Saturday, October 15, 2005

Self-directed learning and the group

I have a doctorate, which I have always understood to be a recognition that I no longer require someone else to put a stamp of approval on my learning. Whatever the discipline, this is what the highest degree means: not so much that one is qualified to teach others, but that one is qualified to teach oneself. This is, of course, what models of excellence in every field do: they build their own models of learning. Some of them teach others but they all teach themselves.

Often, studies of education confuse the quality of teaching with the quality of learning. Learning in classes is different than learning alone because other people are part of the class: the one who is the teacher may or may not be the one who has the biggest individual impact . Even the biggest individual impact is probably not as great as the total effect of learning with the group. This is as true for the kids in junior kindergarten as it is for people with doctorates. We learn more from a class than we learn alone because we learn from being part of the class while we are learning whatever subject matter we study.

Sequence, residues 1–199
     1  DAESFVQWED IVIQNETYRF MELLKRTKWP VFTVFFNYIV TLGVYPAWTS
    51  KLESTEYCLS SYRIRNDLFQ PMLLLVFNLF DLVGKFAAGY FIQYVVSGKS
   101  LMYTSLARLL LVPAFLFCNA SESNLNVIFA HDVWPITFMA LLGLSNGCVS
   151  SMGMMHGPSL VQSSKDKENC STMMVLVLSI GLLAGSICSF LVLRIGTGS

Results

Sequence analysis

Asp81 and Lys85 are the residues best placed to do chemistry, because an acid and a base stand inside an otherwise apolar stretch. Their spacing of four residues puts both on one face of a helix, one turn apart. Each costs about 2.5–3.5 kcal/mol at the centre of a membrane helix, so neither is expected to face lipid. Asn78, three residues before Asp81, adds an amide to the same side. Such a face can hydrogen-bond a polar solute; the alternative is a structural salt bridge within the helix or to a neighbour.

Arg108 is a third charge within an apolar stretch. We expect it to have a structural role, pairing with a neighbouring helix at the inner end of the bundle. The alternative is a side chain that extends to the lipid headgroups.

It has taken me a long time to come to this. I suppose it was what one of my most brilliant professors meant when he said that when he wanted to learn something he had to teach it. Maybe he wasn't telling me about the difference between teaching and learning; maybe he was telling me about the difference between learning together (a teacher is part of a class) and learning alone.

This has, of course, changed my approach to both teaching and learning. My goal as a teacher is not to teach brilliantly (although applause is always welcome!); my goal is to create the conditions under which a class becomes a group for enhanced learning, a collection of individuals who not only learn best together; they also thoroughly enjoy the process. The pleasure comes, I think, not only from the teacher's charm and humour, not only from the knowledge of a job well done. It comes from engaging all the different processes we use to connect with other people and connecting all that energy into the skills and information the course conveys.

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